Gurney's Inn
January 31, 2007

Supe Gets Tough With Sex Offenders

Southampton Town Supervisor Skip Heaney has a message for sex offenders: Keep away from our kids!

At his state of the town address last Friday, Heaney unveiled a groundbreaking new plan geared toward keeping children safe from sexual predators in the shape of a registered sex offender housing restriction map.

"I find particularly vile people who commit crimes against children," he said.

According to the supervisor, increased housing restrictions in areas located west of Southampton might spark a surge of sex offenders placed by the Department of Social Services in less restrictive areas. Taking a proactive stance, Heaney said the town should respond by developing a GIS mapping system, indicating areas within a 1000 foot radius of addresses and locations where children typically congregate, such as schools, parks, beaches, playgrounds, day care and community centers and movie theaters.

The Southampton police department juvenile aid bureau along with the town attorney's investigations unit will maintain a database including names and addresses of all registered Level 2 and 3 sex offenders living in Southampton; that information will be posted on the map with a symbol, which residents can click to obtain further information about the offender.

And, taking the initiative one step further, Heaney said that in most instances, when a registered sex offender is found to reside within one or more of the circles radiating from kid-friendly sites, the police department will compel the individual to move. The town board would enact local legislation that would prohibit sex offenders from living within a certain radius of areas where children congregate; paroled sex offenders must comply with conditions of their release and abide by local laws.

"There is one qualifier," Heaney explained. "If someone owns their own home, you can't force them to sell their home. This is about rentals."

Heaney began his crusade a few months ago when he went online one Sunday to research the issue, reading the plethora of published articles about recent initiatives, including a bill passed by Suffolk County legislators to prohibit Level 2 and 3 sex offenders from loitering within 100 feet of playgrounds, pools, arcades, youth centers and day care centers, as well as a law passed last year forbidding sex offenders to live within a quarter mile of schools and playgrounds.

The legislature also enacted a charter amendment geared toward establishing a countywide police for the protection of sex offenders.

Also in Suffolk County, legislators have worked to increase restrictions on offenders and their landlords, unanimously passing two bills requiring the Suffolk probation department to notify victims when a registered sex offender violates probation, and prohibiting county departments and contractors from placing more than one offender in a home.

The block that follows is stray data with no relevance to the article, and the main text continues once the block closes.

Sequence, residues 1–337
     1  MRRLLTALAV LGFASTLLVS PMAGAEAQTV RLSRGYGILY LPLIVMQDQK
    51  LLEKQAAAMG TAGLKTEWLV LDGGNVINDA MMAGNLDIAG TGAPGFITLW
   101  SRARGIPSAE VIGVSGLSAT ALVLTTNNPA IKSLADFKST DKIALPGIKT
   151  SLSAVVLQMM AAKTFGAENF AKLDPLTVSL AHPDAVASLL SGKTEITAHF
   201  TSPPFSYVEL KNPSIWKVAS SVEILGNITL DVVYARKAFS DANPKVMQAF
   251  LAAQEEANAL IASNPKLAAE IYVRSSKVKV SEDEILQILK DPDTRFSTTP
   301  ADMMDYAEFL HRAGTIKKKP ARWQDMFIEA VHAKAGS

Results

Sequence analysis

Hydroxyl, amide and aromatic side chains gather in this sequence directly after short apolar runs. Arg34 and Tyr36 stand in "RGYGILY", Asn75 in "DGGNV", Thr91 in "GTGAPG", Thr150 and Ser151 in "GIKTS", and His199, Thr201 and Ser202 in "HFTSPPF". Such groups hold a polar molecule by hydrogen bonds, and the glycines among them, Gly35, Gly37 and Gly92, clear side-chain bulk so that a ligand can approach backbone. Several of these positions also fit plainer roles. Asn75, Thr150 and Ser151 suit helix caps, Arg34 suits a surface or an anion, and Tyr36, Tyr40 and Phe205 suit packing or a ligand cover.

In addition, Legislator Kate Browning introduced legislation to prevent more than one registered sex offender from living at the same residence; a measure aimed at tackling sex offender "clustering."

Another countywide initiative that began last summer was a program that used global positioning system technology to monitor chronic sex offenders.

On the East End, however, Heaney is breaking new ground. Although the Huntington town council last week proposed regulations that would ban Level 2 and 3 offenders from owning or living in accessory apartments, as well as a computer-generated map to track the residency of sex offenders, Heaney's is the first such initiative pioneered on the East End.

"I feel very strongly that we need to get this in place," said Heaney. "We can't be asleep." And, he added, it's not just Southampton, but other East End towns such as East Hampton and Riverhead, that need to be vigilant.

"The pressures to relocate these people to the east is just too great."

Heaney hopes the program can benefit other area communities. "If we create a model that other towns can adapt to fit their own needs, then it will be a good thing for the region."

In addition to a number of registered sex offenders living in Southampton, said Heaney, the Suffolk County prison in Riverside currently holds more than 70 Level 2 and 3 sex offenders, many of whom may be released and subsequently relocated into less affluent communities such as Flanders and Riverside. "They're walking right out of jail into our neighborhoods," said Heaney.

Heaney heard of one incident in Southampton when a sex offender released from jail was almost placed in a residence right next door to his victim. "That happened because there was no system to track the offender," he said. Fortunately, the mistake was caught by a member of the police department before the sex offender moved into the apartment.

But Heaney, in his research, became determined to prevent such disasters in the future. And he wants to heighten the awareness of town residents: One bonus to Heaney's new map? It'll be user-friendly, so that anyone seeking information will find it effortlessly. "I want this thing to be like Baby Einstein," he said. "I want it to be easy."

The project, which will be done in-house, will not require hiring any outside consultants.

The goal, said Heaney, who has young grandchildren, is to keep the town's children protected. "I'm putting walk to my talk," he said.

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